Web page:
I have recently started a new job with a charity that supplies books to developing countries in Africa. It’s a very exciting post that will involve some travel, and I am reminded of my previous visit to that continent. In 2010 I went to Sierra Leone as a volunteer with a different library-related charity, and whilst I was there I took the opportunity to pay a long overdue family visit. By way of introducing this family member, here is his entry in my youthful Mum’s autograph book from the 1930s:
Mum was very close to her brother Murray, who was two years older than herself. I never knew my “Uncle Murray”, but his memory was a constant ghostly presence in our childhood. I know he would have been a brilliant uncle: funny, affectionate, charming, kind. Not just because that’s how Mum always described him, but because his personalty shines through the few letters and snapshots of him that remain. Mum wrote in her memoirs that Murray “had a very sunny disposition with the gift of making others happy”, despite suffering beatings and other cruelties from their harsh father.
He volunteered for the navy when war broke out, and was called up in 1941, becoming a Leading Writer. The following year he turned 21 and wrote in a letter to his estranged father:
“I’m glad to be 21, & yet I wish I were not 21 til the end of the war. I feel very much hampered, & it seems – or rather is – a great waste of time to be doing an idle job & just waiting for the end of the scrap. ..Nevertheless, I get a great kick out of life + am thoroughly enjoying being young & healthy “.
He spent a week’s leave with his sister and mother before being recalled to serve on the HMS Edinburgh Castle, stationed at Freetown, Sierra Leone. They were relieved to know he would be out of danger there, and he promised to telegraph to let them know he had arrived safely. When a telegram arrived they opened it eagerly, only to read the dreaded words, “Regret to inform you…”
Murray didn’t make it to 22. He had drowned whilst swimming in the sea off Freetown.
His “arrived safely” telegram, along with some cheerful letters, arrived home some time later. I don’t think my mother and grandmother ever fully recovered from the shock and grief of losing him. Some of Grannie Lane’s letters marking his birth and death survive in the archives. (My grandfather’s response was to claim half of Murray’s estate, adding more pain to their grief). Nearly 60 years later, my mother still felt his loss keenly as she approached the end of her own life: when we found this autograph book with his affectionate little verse, she cried. So we looked into the circumstances of his death and burial, which had never been fully explained to the family. There wasn’t any further information about how he drowned, but Mum suspected he may have suffered one of the blackouts that had plagued him since the age of 14, when was concussed after being hit by a car. But through the Commonwealth War Graves Commission we were able to find out the details of his burial, in the King Tom military cemetery at Freetown. Mum would have liked to pay a visit but her health was never good enough.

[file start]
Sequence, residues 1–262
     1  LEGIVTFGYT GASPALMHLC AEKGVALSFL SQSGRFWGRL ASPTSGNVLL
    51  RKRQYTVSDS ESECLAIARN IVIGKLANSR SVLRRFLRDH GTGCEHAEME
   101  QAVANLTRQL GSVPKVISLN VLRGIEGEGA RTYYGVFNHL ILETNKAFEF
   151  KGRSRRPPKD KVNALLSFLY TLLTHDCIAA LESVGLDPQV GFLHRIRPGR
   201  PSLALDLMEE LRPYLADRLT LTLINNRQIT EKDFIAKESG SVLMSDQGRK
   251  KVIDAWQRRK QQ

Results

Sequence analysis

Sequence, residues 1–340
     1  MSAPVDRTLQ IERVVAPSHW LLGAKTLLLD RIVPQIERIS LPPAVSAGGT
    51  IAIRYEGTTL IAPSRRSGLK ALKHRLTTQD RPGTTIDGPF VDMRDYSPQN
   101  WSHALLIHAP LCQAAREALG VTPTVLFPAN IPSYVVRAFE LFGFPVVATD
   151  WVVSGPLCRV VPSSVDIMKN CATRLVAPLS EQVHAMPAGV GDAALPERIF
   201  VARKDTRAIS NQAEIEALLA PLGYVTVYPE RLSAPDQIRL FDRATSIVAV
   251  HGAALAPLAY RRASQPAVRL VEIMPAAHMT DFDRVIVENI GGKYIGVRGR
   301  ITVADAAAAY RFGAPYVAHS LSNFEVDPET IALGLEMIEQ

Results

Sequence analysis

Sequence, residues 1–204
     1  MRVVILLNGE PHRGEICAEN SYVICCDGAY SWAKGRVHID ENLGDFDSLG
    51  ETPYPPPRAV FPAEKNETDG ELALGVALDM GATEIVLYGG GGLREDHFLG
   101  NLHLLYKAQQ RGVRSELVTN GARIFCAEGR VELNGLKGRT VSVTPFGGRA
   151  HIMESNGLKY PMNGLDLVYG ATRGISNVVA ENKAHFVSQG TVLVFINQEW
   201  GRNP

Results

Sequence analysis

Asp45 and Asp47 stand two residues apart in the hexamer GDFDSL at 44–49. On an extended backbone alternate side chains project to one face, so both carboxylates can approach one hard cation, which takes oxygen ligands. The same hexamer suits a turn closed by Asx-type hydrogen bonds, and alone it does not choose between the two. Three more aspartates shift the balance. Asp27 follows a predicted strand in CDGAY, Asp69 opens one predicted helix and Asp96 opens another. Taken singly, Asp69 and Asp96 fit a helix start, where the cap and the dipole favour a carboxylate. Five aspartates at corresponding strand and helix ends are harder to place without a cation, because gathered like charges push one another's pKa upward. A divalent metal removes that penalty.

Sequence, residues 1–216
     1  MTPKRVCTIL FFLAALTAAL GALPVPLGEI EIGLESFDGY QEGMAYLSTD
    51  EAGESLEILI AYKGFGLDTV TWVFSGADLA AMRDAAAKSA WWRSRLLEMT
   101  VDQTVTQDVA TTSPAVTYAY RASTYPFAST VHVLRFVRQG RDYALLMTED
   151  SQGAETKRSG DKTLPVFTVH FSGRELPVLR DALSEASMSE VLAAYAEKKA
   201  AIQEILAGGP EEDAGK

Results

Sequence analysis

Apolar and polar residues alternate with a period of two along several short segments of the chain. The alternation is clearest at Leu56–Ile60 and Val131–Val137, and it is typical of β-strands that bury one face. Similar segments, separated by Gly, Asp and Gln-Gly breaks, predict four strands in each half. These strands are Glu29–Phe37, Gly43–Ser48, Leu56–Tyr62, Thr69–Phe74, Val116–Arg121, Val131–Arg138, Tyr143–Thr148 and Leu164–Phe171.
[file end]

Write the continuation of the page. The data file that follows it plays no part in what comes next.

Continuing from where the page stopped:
Fast forward to 2010 and I found myself travelling to Freetown on library business. With the information the CWGC had provided, I emailed one of the host librarians, Nance, to ask if it would be possible to visit the grave. This formidable lady pulled out all the stops on my behalf. She visited the cemetery and searched every headstone along those neat regimental rows for a Charles Murray Lane, to no avail. There were other Lane lads, but no sign of my uncle. Eventually, refusing to give up, she did what came naturally to her: if you want to ask something of your ancestors in Africa, you talk to them. So she spoke to my uncle, telling him that his niece was coming all the way from England to visit him, so could he please reveal himself? As she was leaving shortly afterwards, the cemetery attendant ran over to her. One of the headstones was broken in half and he had found the missing piece, with the name on it, in his shed. Was this what she was looking for? Sure enough, not only had Nance found my uncle’s headstone, but she arranged for it to be repaired in advance of my trip. So it was that I found myself, a few days later, standing at this beautiful, tranquil spot overlooking the ocean, saying hello to my ghost uncle for the first time. It was a deeply moving experience in which I felt myself bringing all the long-pent-up farewells of my mother and grandmother to their beloved son and brother. It felt like a release: closure at last.